When Chromebooks were first introduced, then Google chief executive Eric Schmidt predicted that "cloud computing will define computing as we all know it" and that the offering was a viable third option to computers built on Apple and Windows platforms.

Shifting operating software to banks of servers on the internet means that Google tends to matters such as updating programs and fending off hackers and malicious software.

Advantages include quick start-ups from disk-drive free machines and essentially being able to dive into one's desktop data from anywhere on the internet.

People can also share their computers, with the operating system preventing snooping on one another.

Google remains devoted to its Android software for powering tablets and smartphones, following two paths when it comes to internet-synched hardware, according to Pichai.

"So far, we have been in a world that is pretty straight forward: Chromebook laptops and Android tablets," Pichai said. "Once you start building a touch laptop, the lines blur but we are doing both."

AFP and Fairfax Media

122 comments

  • Remember Windows, how quaint it's blue screens, freezing, viruses and endless updates were. Thank God Apple and now Google have well and truly resigned it to the history books.

    Commenter
    FrankM
    Date and time
    February 22, 2013, 9:21AM
    • Windows still dominates businesses.

      Commenter
      tango8
      Date and time
      February 22, 2013, 9:30AM
    • Yea, shows how quaint you are. Let me guess, you haven't used one since Windows XP? @Google You were joking about that, weren't you...? Sundar...?

      Commenter
      hammburger
      Date and time
      February 22, 2013, 9:30AM
    • Soon you will find out that all OS are the same. Windows was targeted by the hacker etc as they were the only popular ones.

      Commenter
      sam
      Location
      Melbourne
      Date and time
      February 22, 2013, 9:31AM
    • Really? You seriously believe that? I defy you to walk into any business and see what the desktop OS of choice is. In fact, I would recommend walking into most households and seeing what OS is running on the home computers and by a massive margin you will find Windows. Don't confuse smartphone OS with desktops/laptops. The day where Apple and Google take over the market share on computers OS isn't even close to arriivng.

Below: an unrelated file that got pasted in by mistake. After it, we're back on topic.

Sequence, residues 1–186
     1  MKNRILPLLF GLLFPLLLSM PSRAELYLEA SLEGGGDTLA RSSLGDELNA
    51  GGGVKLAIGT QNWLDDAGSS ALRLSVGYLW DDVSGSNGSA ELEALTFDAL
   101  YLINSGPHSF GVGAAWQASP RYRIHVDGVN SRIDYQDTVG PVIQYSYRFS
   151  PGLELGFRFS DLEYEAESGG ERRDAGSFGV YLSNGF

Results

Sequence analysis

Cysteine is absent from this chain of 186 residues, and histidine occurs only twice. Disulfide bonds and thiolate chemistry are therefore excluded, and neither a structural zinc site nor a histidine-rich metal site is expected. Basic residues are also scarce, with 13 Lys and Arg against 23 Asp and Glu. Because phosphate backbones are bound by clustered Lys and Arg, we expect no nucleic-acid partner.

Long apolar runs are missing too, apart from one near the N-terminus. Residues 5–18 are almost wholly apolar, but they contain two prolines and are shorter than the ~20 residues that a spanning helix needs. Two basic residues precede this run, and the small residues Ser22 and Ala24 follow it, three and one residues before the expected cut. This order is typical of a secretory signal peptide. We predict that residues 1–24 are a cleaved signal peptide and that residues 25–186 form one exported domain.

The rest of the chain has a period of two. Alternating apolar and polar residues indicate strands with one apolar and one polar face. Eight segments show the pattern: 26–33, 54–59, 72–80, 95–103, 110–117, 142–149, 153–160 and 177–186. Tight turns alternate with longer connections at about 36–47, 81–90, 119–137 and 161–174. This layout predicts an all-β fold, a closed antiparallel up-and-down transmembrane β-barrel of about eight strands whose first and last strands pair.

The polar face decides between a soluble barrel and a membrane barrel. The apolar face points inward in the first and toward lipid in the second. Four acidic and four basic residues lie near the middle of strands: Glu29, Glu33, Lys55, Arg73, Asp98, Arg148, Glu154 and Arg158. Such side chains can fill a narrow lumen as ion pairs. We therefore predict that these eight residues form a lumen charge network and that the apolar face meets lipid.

Commenter
      DeltaV
      Date and time
      February 22, 2013, 9:33AM
    • My question is: How does the word "ecosystem" get into a story about developments in new computers and technology? These IT geeks delude themselves in the extreme, it seems. Some might say typical american corporate misuse and abuse of language and, or of their self-importance (Apple at thet top of "tree" here), suggesting that somehow what they do is akin to natural phenomena and their intricate complexities.

      Commenter
      OMG
      Location
      Sydney
      Date and time
      February 22, 2013, 10:03AM
    • @FrankM My Windows7 laptop hasn't crashed once in two years, updates itself without any help from me and has never been infected with a virus or malware. Your comment is silly.

      Commenter
      Jessica
      Location
      Mosman
      Date and time
      February 22, 2013, 10:12AM
    • Looks just like the Macbook Pro I'm working on as we speak!

      Commenter
      Jim
      Date and time
      February 22, 2013, 10:27AM
    • Google just wants to be Microsoft. And, Apple ... well ... is just Apple.

      Commenter
      Griffo
      Date and time
      February 22, 2013, 10:40AM
    • @DeltaV

      The PC era is gone. It will only remain in business untill Offoce is released on iOS and Andriod platforms. Thinner and lighter devices for consumers will rule - they already do. More people have smart phones and tablets than PC's globally because they are cheaper and quicker to complete specific tasks - including word processing. The basic consumer does not want programtic level OS's they want a platform that is easy to use and does what they want to do through its simple apps.

      Commenter
      Griffo
      Date and time
      February 22, 2013, 10:49AM